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Game notes: Benson changed the game


SEATTLE – Quarterback Aaron Rodgers had absorbed an eight-sack beating one time previously, and it also happened to be in a Monday night loss on the road.

It came in 2009 at the Metrodome against the Vikings. The difference this Monday night at CenturyLink Field in Seattle is all eight sacks happened in the first half of the 14-12 defeat.

"It's definitely embarrassing to give up eight sacks in one half," left guard T.J. Lang said. "Some were miscommunications, others were one-on-one matchups and guys getting beat."

To be fair, one of the eight sacks came when Rodgers slipped and fell in the pocket. But he was also spared a ninth sack in the fourth quarter when his scramble back to the line of scrimmage, which is technically a sack when no yardage is gained, was ruled a 1-yard pickup and a first down following a replay challenge. That was the only potential sack in the second half.

"We responded pretty well in the second half, but they pushed us around quite a bit in the first half," Lang said.

What turned it around was the running of Cedric Benson. After getting just two carries for four yards in the first half, Benson got 15 runs for 41 yards in the second half, slowing Seattle's rush. Before losing seven yards on his five carries in the fourth quarter, when Seattle's defense adjusted, Benson gained 48 yards on 10 carries in the third quarter, nearly five yards per rush.

Mike McCarthy said multiple times in his post-game press conference that he should have adjusted offensively sooner, and he took responsibility for that.

Still, two third-quarter drives highlighted by Benson's runs only produced a pair of field goals when the Packers couldn't finish them off. As frustrating as it was getting shut out in the first half, settling for two field goals was almost as maddening.

The offense produced just one touchdown, in the fourth quarter on a 1-yard run by Benson, and the unit has only four touchdowns through the first three games. The Packers have half as many TDs on special teams, one in each of the first two weeks.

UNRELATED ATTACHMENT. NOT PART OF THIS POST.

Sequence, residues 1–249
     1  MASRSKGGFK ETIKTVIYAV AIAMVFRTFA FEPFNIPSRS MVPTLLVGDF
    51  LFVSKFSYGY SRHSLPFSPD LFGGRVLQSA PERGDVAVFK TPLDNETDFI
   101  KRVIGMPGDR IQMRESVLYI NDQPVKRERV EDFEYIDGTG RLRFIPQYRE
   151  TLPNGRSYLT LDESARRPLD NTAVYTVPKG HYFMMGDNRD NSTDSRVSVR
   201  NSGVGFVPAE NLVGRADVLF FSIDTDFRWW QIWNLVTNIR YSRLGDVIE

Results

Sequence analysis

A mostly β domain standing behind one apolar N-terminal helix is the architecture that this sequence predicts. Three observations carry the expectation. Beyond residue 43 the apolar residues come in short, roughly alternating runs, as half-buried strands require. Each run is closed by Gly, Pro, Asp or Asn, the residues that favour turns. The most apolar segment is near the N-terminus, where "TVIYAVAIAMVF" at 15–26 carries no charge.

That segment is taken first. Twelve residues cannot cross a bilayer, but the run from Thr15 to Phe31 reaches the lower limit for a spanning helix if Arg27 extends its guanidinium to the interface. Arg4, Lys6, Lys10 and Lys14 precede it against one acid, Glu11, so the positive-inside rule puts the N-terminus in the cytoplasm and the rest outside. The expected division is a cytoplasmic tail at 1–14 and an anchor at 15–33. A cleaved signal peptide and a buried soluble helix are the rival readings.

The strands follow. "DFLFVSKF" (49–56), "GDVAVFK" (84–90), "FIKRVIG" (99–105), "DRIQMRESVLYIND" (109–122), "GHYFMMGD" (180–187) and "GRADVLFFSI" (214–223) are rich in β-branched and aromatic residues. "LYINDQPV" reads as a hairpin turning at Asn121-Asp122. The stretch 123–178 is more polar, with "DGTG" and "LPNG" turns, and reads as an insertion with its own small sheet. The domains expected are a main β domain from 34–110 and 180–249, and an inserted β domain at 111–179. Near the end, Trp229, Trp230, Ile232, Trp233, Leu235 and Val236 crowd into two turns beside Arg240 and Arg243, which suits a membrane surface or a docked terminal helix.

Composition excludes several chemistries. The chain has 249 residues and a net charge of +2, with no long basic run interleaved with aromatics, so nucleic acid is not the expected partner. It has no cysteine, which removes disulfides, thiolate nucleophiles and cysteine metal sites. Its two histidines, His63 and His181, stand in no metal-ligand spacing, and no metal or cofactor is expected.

"We're not playing up to our standards right now," receiver Greg Jennings said. "We're not executing. We're not making plays when the opportunity is there.

"When it comes down to it, we're not playing our ball."

One of those drives was nearly a touchdown, but a third-down pass in the end zone to Donald Driver was slightly high and glanced off Driver's outstretched hands. Even with his limited snaps, Driver wasn't about to make excuses.

"The thing for me, I've always said I have to make plays," said Driver, who was targeted for a pass on that play only. "I should have made that catch, but I let that one slip away."

End-zone tussle: Normally one of the Packers' more level-headed players, Jennings lost it momentarily in the fourth quarter after taking what he felt was an unnecessary shot from Seattle cornerback Brandon Browner in the end zone.

Jennings popped back up and went after Browner, leading to a tussle in the end zone that finished with both players on the ground. Both players were flagged for unsportsmanlike conduct, so the skirmish became irrelevant.

Interestingly, Jennings said Browner apologized to him, though he said Rodgers was out of the pocket and that's why he hit him. Defenders can't be called for illegal contact downfield when the QB leaves the pocket and the ball hasn't yet been thrown.

"It's football, guys get a little frustrated," Jennings said. "Obviously, I got a little frustrated, a little hot. It is what it is.

"I Iet my emotions get the best of me there and I shouldn't have. I apologized to my teammates."

Not the same: Cornerback Charles Woodson was asked where this controversial ending ranks for him compared to the infamous "Tuck Rule" game in the 2001 AFC playoffs against New England.

Not even close, really.

"This is early in the season, so we still have a long road ahead," Woodson said. "That was a playoff situation and we had to go home after that. I don't want to compare the two."

It was a similarly helpless feeling to Woodson, but all he could point to was that there's more football ahead.

"What are you going to do?" he said. "We'll go back to Green Bay and continue to get better as a team. That's all I've got." Additional coverage - Packers vs. Seahawks

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